What Are Your Children Really Watching?

Written by Lisa Workman


Saturday mornings. Cold cereal and Scooby Doo. How many parents started out our childhood weekends with this simple ritual? The trick was to wake up early enough to see all ofrepparttar Saturday morning cartoons because after about 10 am,repparttar 141243 childrenís programming was over until Sunday nightís Wonderful World of Disney show came on.

My kids also like to get up on Saturday morning and watch cartoons. And on Sunday. And MondayÖ and TuesdayÖ You knowrepparttar 141244 rest. While I had only a couple of channels to choose from, my kids have access to 24 hour childrenís programming on several channels, compliments of cable television. If you have a satellite dish, your children have access to even more programming.

More is better, right? Well, not always. With this abundance of television stations, we need to remember that not all television programming is appropriate for all audiences.

There are many parents and grandparents who hadrepparttar 141245 viewpoint that if it was a cartoon showrepparttar 141246 kids were watching, it was ok. Cartoon violence? Well, who hasnít seen that coyote catch an anvil with his head forrepparttar 141247 umpteenth time?

The fact ofrepparttar 141248 matter is, when many parents were growing up, with our limited television choices, a little cartoon violence didnít seem to make too much of a difference. Now our kids can choose to watch cartoon violence 24 hours a day, 7 days a week. And it isnít just anvils dropping out ofrepparttar 141249 clear blue sky anymore. What kind of violence exists inrepparttar 141250 cartoons our kids are watching? No, Scooby Doo doesnít go into a rabid rage and maul Shaggy when there are no more Scooby Snacks. But kidís shows have battles, fights, explosions and characters making threats to injure or kill each other. And our kids are choosing to watch this programming over and over again.

So how can we help our kids to make better choices? Most families are unwilling to go cold turkey and give up all television programming, although I give KUDOS to those that are brave enough to do it. Youíve heard it before Ė limit what your kids are watching. But Iíd like to add one more piece of advice: teach your children how to choose programs that are acceptable to you and your familyís values. This seems to berepparttar 141251 piece that is missing from most articles I read today onrepparttar 141252 issue of television viewing and children.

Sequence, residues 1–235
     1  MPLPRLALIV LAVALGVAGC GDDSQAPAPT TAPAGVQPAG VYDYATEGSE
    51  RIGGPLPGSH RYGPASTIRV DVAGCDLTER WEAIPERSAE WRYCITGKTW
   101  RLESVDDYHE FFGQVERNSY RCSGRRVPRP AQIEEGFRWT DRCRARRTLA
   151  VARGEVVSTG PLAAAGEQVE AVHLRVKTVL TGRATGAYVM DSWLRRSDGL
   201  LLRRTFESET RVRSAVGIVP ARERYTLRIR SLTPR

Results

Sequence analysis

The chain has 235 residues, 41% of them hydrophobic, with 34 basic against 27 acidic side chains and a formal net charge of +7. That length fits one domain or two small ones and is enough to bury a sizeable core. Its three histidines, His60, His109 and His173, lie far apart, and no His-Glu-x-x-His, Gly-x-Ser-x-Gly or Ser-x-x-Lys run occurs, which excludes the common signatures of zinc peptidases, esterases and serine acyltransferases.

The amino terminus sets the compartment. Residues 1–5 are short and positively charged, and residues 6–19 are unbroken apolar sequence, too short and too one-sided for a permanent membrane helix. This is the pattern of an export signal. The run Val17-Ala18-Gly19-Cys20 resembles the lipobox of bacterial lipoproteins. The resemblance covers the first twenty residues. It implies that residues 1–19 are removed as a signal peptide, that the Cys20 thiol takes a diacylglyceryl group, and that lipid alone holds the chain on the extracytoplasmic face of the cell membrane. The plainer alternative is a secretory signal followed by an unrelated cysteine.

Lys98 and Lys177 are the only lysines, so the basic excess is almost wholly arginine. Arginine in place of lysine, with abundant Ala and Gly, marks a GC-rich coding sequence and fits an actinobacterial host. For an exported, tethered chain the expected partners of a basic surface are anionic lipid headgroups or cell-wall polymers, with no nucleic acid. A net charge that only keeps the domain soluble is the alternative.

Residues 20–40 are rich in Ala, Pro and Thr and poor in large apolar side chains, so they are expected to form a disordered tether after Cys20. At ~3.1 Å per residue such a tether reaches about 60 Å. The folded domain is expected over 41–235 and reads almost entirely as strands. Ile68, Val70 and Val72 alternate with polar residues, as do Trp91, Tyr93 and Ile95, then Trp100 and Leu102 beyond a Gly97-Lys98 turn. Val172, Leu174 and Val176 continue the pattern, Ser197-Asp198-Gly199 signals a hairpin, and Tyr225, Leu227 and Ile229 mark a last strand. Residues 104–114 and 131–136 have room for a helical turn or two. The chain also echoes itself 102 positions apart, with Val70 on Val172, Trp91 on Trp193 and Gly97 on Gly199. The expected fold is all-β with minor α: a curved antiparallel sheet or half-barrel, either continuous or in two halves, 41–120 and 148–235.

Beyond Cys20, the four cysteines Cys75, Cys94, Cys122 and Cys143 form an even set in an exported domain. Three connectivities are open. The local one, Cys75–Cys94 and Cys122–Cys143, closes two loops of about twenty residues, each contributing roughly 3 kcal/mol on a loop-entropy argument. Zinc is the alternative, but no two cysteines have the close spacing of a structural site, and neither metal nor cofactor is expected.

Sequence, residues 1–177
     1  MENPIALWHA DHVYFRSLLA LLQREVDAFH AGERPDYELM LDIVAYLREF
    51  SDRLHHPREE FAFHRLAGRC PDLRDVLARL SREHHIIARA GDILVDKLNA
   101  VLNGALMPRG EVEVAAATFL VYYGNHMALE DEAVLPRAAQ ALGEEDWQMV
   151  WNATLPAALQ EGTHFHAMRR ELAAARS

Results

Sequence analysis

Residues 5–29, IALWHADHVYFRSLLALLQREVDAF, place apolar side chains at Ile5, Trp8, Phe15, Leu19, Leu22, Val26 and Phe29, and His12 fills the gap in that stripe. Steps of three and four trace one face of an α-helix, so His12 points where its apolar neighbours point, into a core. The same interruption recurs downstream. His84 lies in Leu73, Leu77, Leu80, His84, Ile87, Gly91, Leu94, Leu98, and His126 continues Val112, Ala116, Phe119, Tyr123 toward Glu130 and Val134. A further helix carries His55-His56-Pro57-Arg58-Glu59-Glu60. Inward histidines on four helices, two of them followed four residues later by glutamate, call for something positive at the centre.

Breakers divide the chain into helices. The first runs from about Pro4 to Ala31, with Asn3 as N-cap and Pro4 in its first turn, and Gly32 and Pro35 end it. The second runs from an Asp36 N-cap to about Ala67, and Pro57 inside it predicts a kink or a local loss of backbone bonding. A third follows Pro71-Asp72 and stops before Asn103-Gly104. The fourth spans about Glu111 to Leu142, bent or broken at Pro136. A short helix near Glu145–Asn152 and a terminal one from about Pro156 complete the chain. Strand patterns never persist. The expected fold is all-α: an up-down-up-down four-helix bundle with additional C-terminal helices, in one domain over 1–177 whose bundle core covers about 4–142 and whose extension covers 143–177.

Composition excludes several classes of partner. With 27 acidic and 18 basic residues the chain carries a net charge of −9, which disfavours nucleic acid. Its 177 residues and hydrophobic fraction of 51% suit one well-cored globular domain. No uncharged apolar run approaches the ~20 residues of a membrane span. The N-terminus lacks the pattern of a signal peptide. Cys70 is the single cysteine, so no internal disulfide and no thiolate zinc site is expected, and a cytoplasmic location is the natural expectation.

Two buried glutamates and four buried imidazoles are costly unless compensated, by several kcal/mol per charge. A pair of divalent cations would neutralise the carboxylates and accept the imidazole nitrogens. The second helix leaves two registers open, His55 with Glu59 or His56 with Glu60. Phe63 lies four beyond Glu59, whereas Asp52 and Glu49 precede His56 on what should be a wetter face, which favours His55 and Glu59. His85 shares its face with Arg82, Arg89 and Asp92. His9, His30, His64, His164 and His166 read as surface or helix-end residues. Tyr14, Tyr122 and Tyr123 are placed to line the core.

How do we do this? As you know, most television shows now carry a rating to give you an idea ofrepparttar 141253 type of content (TV-Y, TV-Y7, TV-G, TV-PG, TV-14 and TV-MA). Content descriptors have also been added to this system to give you additional information. These descriptors indicaterepparttar 141254 presence of suggestive dialogue (D), sexual behavior (S), foul language (L), or violence (V). These ratings can be used as a starting point for determining if a television show is appropriate for your child or family.

How To Make Your Own Gift Baskets

Written by Jennifer Shircel


Havenít you always wanted to give someone a beautiful gift basket, but didnít have a clue how to put one together? Gift baskets are such a wonderful gift and can be given for any occasion. Let me tell you how to make such an amazing gift basket even you wonít believe youíve made it!

First, start with your ďbasketĒ. It doesnít need to be your typical wicker basket, try using a toy dump truck and fill uprepparttar bucket, or use a laundry basket, a plastic container or even a purse, depending onrepparttar 141242 occasion and who itís for.

Next, find your fillers. Make sure that what you buy will fit inside your basket. You wantrepparttar 141243 basket to look like itís overflowing. Great fillers are small plants, disposable cameras, a book or a bottle of champagne (again, depending on who itís for).

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